Startup? Start with the team.

If you want to walk fast, walk alone.
If you want to walk far, walk together!

You would come across countless such gems that apply to you as an entrepreneur on how you should be going about when starting the next dream venture of yours. But none could be more critical than this. As an entrepreneur, the one mistake most of us do is trying to do a lot of work ourselves, and even when we do start building a team, we think of them more as resources than co-pilots. That’s a huge mistake. Learn to share the burden.

But then, you can’t really share the burden with just about anyone, can you? You need to find the right guys — someone who believes in what you are doing as much as you do, someone who is passionate about it, and has the fire to take the business to the next level. So how do you go about building the team? Luckily, the leaders of today have some advice for the leaders of tomorrow; and we took the liberty to compile some of that. Let’s take a look.

If you are the CEO, recruitment is on you — not on the headhunters and not on your HR managers

Running an early stage business is hard, you are always working on solving one problem after the other, putting out fires, trying to raise some funds. As a result, you end up outsourcing whatever you think can be handled by someone else — including recruiting talent, which gets outsourced to ‘experienced professionals’, the headhunters. According to many successful business leaders, that is a disastrous mistake. For a CEO, the three most aspects of his work should be — (1)Setting the vision for the company and carving out the path to get the company there, (2) Raising funds for the business to ensure there is always enough fuel in the tank, and (3) Recruiting and retaining great talent.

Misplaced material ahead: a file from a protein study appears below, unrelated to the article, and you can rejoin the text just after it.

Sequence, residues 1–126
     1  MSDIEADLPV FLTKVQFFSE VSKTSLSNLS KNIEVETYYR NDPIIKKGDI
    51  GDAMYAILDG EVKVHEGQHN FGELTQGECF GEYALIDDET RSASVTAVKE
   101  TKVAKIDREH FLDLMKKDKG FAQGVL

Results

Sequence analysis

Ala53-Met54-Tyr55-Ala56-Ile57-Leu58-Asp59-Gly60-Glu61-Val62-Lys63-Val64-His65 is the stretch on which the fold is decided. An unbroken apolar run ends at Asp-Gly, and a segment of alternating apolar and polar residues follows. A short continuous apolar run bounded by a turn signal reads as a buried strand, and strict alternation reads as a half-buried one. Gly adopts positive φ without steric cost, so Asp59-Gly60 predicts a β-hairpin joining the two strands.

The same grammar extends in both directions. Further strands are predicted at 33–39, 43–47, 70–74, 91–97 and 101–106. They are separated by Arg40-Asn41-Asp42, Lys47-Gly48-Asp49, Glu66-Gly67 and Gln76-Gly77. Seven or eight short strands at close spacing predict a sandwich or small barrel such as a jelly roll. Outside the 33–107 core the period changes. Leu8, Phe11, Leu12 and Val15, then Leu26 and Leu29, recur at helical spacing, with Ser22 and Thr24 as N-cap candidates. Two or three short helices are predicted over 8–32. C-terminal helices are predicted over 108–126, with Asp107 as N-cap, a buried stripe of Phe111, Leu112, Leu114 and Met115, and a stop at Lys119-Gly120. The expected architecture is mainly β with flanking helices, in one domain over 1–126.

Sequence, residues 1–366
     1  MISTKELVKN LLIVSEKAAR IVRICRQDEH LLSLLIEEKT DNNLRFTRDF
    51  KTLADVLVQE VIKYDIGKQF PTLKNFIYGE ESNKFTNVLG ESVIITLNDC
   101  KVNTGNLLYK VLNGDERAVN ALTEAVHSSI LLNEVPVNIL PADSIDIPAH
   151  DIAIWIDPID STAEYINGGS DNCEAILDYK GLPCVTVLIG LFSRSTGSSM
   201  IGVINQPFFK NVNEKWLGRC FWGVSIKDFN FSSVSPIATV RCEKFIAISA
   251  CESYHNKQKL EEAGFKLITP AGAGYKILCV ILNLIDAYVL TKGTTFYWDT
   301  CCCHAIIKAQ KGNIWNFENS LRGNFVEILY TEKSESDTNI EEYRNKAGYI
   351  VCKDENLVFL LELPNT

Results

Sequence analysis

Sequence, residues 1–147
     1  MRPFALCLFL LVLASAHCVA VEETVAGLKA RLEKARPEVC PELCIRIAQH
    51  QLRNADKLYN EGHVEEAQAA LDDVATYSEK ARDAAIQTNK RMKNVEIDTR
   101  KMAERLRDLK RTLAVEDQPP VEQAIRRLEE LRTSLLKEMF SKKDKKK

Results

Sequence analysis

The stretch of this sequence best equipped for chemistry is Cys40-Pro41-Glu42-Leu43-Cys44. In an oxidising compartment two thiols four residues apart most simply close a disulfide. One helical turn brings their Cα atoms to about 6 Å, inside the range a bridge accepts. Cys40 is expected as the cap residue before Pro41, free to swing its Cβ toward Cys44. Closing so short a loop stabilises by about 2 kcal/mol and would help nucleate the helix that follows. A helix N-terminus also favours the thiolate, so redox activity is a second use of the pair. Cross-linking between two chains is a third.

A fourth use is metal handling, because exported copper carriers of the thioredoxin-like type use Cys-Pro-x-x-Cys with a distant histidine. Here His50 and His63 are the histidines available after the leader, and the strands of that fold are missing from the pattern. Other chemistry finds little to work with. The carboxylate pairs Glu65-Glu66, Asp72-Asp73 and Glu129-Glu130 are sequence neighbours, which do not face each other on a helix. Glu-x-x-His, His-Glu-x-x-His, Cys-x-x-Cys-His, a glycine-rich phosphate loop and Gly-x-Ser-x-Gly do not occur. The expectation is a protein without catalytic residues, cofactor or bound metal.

Point 1 and 2 are things that every entrepreneur ever would agree on, but point 3 often gets sidelined, which shouldn’t be the case. An engaged and vigil CEO keeps a list of great talent within the organization as well as outside it, builds relationships with his top performers and values their opinion and input when looking for talent (including, but not limited to, asking them for recommendations and their connections in the industry), and be the face of the company — engage with as many people as possible and tell a story of the business that would make everyone want to work with you.

It doesn’t matter whether you are hiring for a particular role right now or not, as a CEO, you should make it a personal mandate to continuously meet good talent in the industry and build a relationship with them. That way, when you do need someone to fill in a crucial pair of shoes, you always have a few in your address book to catch up with over beer.

Hire for the moment

As a business, we always tend to think that the best thing for the business is to hire resources who would stick around for years to come. While it does have its conventional wisdom, it might not always be the right strategy — it depends on what stage of the business are you at currently. If you are an early stage company, your focus might be on hiring resources who are simply great at their jobs, irrespective of whether they play well with others or not. Why? Because at this stage, you do not have much of a team to begin with, so irrespective of who you hire, the person may end up doing a lot of work on his own, cut from the rest of the world, lost in his computer. So how does it matter if he can manage a big-ass team or not? What really matters is how skilled he is at the job that is required of him today — to take the company to the next level. When your company starts growing big, it is only then that you need people who can manage teams and teams that can work well in collaboration with each other. So, let’s not get ahead of ourselves just yet. Shrewd? May be. But remember, we are not living in the 1970s anymore; you really won’t be expecting the people you hire to be lifers. So hire someone who is the perfect fit for today, let’s worry about tomorrow when the time comes.